Rachel Fell McDermott is professor in the Department of Asian and Middle Eastern Cultures at Barnard College. She is a specialist in Bengali goddess worship whose books include Revelry, Rivalry, and Longing for the Goddesses of Bengal: The Fortunes of Hindu Festivals; Singing to the Goddess: Poems to Kali and Uma from Bengal; and Mother of My Heart, Daughter of My Dreams: Kali and Uma in the Devotional Poetry of Bengal.
Leonard A. Gordon is professor of history emeritus of the City University of New York and the author of Brothers Against the Raj: A Biography of Indian Nationalists Subhas and Sarat Chandra Bose and Bengal: The Nationalist Movement, 1876-1940. He is also the director of the Taraknath Das Foundation.
Ainslie T. Embree is professor of history emeritus of Columbia University. Since his retirement, he has taught at Brown University and the Johns Hopkins University School of Advanced International Studies. He is the editor of Sources of Indian Tradition: From the Beginning to 1800, Volume 1, Second Edition.
Frances W. Pritchett is professor emerita of modern Indic languages in the department of Middle Eastern, South Asian, and African Studies at Columbia University. Among her books are Nets of Awareness: Urdu Poetry and Its Critics and The Romance Tradition in Urdu: Adventures from the Dastan of Amir Hamzah. She is pursuing major online projects that include A Desertful of Roses and A Garden of Kashmir, commentaries on the Urdu ghazal poetry of Ghalib and Mir.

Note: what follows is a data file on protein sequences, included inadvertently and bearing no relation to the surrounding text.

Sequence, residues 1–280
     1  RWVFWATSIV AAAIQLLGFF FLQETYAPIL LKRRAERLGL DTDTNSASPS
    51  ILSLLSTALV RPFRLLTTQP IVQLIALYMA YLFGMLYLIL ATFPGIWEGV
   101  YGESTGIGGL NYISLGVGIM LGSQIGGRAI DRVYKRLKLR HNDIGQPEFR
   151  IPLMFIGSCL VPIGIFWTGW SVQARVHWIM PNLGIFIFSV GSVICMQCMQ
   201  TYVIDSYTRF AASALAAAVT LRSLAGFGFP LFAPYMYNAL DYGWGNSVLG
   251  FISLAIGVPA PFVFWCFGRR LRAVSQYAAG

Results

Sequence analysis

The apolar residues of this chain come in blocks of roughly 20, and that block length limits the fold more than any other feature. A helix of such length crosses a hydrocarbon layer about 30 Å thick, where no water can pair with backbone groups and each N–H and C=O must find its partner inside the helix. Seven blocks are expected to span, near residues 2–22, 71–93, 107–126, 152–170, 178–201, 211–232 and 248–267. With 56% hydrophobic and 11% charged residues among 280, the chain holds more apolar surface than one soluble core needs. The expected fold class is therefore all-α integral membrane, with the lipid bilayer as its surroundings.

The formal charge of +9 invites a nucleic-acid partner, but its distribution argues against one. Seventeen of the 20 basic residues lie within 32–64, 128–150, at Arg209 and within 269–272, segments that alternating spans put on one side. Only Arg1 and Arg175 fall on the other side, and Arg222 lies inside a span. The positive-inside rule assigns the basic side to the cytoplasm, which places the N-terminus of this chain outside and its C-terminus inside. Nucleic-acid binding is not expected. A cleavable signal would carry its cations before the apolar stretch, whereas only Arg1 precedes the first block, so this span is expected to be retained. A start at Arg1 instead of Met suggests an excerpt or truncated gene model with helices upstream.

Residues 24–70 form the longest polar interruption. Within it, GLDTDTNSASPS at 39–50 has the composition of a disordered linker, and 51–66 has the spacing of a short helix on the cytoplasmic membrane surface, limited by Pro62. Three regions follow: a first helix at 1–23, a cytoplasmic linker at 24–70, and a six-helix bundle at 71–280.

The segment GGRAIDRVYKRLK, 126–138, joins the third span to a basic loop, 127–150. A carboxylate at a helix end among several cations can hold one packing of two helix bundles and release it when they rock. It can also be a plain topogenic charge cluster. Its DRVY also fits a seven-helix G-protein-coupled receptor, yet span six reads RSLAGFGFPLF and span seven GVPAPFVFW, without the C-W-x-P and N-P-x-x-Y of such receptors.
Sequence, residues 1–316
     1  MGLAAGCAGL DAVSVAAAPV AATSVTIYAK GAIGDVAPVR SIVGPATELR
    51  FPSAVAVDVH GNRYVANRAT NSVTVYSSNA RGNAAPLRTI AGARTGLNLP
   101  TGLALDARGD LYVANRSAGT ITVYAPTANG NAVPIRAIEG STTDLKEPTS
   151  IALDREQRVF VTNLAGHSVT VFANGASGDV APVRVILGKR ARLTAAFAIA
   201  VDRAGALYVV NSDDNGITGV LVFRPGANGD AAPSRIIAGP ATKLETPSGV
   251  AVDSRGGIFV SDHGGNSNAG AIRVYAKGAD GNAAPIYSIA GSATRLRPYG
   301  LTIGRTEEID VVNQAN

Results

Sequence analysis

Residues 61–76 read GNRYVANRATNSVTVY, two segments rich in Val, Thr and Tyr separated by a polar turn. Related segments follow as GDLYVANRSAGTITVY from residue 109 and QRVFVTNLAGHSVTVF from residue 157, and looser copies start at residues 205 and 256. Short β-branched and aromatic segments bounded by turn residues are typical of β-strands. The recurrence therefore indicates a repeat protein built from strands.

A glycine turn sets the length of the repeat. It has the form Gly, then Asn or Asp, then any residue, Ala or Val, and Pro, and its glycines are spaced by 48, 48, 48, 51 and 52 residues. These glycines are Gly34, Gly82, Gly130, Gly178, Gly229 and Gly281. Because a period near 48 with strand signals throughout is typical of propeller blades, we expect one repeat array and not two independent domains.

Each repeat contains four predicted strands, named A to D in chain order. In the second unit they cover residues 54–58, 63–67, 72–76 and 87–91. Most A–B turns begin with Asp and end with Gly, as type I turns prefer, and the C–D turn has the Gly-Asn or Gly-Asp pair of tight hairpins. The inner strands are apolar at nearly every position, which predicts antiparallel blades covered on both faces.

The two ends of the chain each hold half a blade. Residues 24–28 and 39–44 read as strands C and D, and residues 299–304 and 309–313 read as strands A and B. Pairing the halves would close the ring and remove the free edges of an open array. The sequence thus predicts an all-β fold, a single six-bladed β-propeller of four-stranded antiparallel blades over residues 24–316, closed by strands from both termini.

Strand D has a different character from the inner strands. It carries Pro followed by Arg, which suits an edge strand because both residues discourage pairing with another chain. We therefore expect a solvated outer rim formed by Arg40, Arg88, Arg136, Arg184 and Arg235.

Dennis Dalton is professor emeritus of political science at Barnard College. He is the author of Mahatma Gandhi: Nonviolent Power in Action and Indian Idea of Freedom: Political Thought of Swami Vivekananda, Aurobindo Ghose, Mahatma Gandhi, and Rabindranath Tagore and the editor of Mahatma Gandhi: Selected Political Writings.
An accessible yet thorough introduction to Indian civilizations
Sources of Indian Traditions is an indispensable and essential selection of primary readings on the social, intellectual, and religious history of India from the decline of Mughal rule in the eighteenth century to today. It details the advent of the East India Company, British colonization, the struggle for liberation, the partition of 1947, and the creation of Pakistan, Bangladesh, and contemporary India.
Divided thematically, it begins with a chapter on eighteenth-century intellectual and religious trends that set the stage for India's modern development. Nineteenth-century debates over social reform, featuring the leaders of reform and revival movements, follow. Chapters on Gandhi and his reception both nationally and abroad, and different perspectives on and approaches to partition, precede a section devoted to the drafting of the Indian constitution, the rise of nationalism, the influence of Western thought, the conflict in Kashmir, nuclear proliferation, minority religions, secularism, and the role of the Indian political left. The last two sections portray Pakistan and its struggle for national identity, and Bangladesh and the controversies over the fruits of freedom.
|Sources of Indian Traditions
|Edited by Rachel Fell McDermott et. al.